At the end of 1959, he obtained the title of Doctor in Philosophy and History of Education, defending the thesis Educação e atualidade brasileira (Education and Brazil Today).
In 1960 he was named effective professor of Philosophy and Education History for the Faculty of Philosophy, Science and Letters at the University of Recife (nowadays the Federal University of Pernambuco) and, in 1961, associate professor of History and Educational Philosophy at the Recife School of Fine Arts.
Besides the academic and institutional fields, he was also engaged in popular education movements. He was one of the founders of Recife’s Movimento de Cultura Popular (Popular Culture Movement – MCP).
With the Military Coup in 1964, the new government considered the “Paulo Freire Method” dangerous and prohibited it. Paulo Freire was arrested and accused of subversion, remaining detained for 70 days in various places in the cities of Recife and Olinda.
He was forced into exile, initially going to Bolivia and from there to Santiago, Chile and then later to Geneva.
In Chile, where he stayed for almost five years, he returned to his pedagogical practice and wrote his first commercially published book, Education as a Practice of Freedom, as well as his most famous work, Pedagogy of the Oppressed.
In 1966, he gave conferences and participated in seminars in Cuernavaca, Mexico and in 1967 made his first visit to the United States at the invitation of American universities.
He was grateful to Chile, the country which sheltered him and his family, but fearing earthquakes, he moved to Geneva, Switzerland, where he was a consulter and university lecturer with freedom to develop overseas experiences.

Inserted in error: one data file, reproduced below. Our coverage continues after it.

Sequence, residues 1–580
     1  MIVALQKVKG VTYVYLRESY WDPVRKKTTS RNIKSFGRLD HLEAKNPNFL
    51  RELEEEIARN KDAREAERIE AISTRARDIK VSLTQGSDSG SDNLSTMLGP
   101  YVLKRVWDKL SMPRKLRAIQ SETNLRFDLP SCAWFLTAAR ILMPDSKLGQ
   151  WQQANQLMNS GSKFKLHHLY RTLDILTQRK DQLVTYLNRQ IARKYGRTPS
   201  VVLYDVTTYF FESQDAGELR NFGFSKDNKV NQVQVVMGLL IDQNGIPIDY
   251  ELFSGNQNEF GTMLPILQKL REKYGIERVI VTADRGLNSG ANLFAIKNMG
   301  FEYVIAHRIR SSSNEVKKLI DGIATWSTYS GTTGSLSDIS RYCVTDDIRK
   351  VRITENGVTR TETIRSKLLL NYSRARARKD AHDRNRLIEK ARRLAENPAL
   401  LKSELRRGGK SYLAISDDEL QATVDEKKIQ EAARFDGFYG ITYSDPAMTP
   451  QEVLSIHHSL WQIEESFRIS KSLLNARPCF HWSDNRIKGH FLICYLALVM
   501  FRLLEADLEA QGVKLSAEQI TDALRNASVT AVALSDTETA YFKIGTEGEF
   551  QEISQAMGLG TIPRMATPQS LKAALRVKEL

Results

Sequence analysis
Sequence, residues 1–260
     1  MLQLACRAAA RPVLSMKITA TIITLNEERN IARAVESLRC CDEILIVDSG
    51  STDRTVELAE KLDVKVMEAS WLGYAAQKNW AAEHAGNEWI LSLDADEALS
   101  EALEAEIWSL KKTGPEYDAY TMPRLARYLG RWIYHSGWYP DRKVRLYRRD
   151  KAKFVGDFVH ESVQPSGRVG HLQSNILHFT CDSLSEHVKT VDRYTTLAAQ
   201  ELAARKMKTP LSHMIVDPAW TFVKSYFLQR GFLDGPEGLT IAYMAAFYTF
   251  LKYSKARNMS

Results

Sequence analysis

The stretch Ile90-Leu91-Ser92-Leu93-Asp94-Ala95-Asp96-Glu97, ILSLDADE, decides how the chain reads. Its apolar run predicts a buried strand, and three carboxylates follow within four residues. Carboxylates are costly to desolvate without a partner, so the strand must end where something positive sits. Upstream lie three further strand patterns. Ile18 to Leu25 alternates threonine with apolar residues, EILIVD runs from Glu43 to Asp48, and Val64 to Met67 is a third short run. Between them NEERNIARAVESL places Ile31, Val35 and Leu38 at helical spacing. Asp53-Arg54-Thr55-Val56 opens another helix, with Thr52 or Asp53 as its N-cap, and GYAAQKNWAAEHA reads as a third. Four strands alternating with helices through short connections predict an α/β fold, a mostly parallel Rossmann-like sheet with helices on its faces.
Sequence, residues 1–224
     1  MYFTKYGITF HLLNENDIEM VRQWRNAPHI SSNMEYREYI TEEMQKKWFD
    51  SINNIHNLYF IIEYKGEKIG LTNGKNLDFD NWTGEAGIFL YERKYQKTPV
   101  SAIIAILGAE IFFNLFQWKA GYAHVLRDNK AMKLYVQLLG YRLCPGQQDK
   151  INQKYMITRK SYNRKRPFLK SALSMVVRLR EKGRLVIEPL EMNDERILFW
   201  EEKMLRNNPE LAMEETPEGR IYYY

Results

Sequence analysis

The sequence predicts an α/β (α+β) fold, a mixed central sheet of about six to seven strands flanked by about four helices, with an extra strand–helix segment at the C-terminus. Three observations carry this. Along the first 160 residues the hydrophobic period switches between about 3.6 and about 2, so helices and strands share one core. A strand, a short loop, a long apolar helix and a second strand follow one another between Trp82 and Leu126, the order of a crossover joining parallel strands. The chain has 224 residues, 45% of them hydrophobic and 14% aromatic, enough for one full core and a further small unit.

He took his ideas and methods to Asia, Oceania, America and above all to Portuguese-speaking Africa. From Geneva, he was world-renowned in the history and education of the 20th century.
In 1979 he obtained his first Brazilian passport. After almost 16 years in exile he returned to Brazil and Recife in 1980.
He decided, for the first time, to affiliate himself with a political party, choosing the Partido do Trabalhadores (Labour Party) – PT, of which he was one of the founders.
He moved to São Paulo, where he found better working conditions and freedom of action. He was a professor at the University of Campinas – Unicamp – from 1980 until 1990.
In October 1986 he lost his first wife and on 27 March 1988, he married for the second time to a childhood friend, Ana Maria Araújo Freire, in Recife.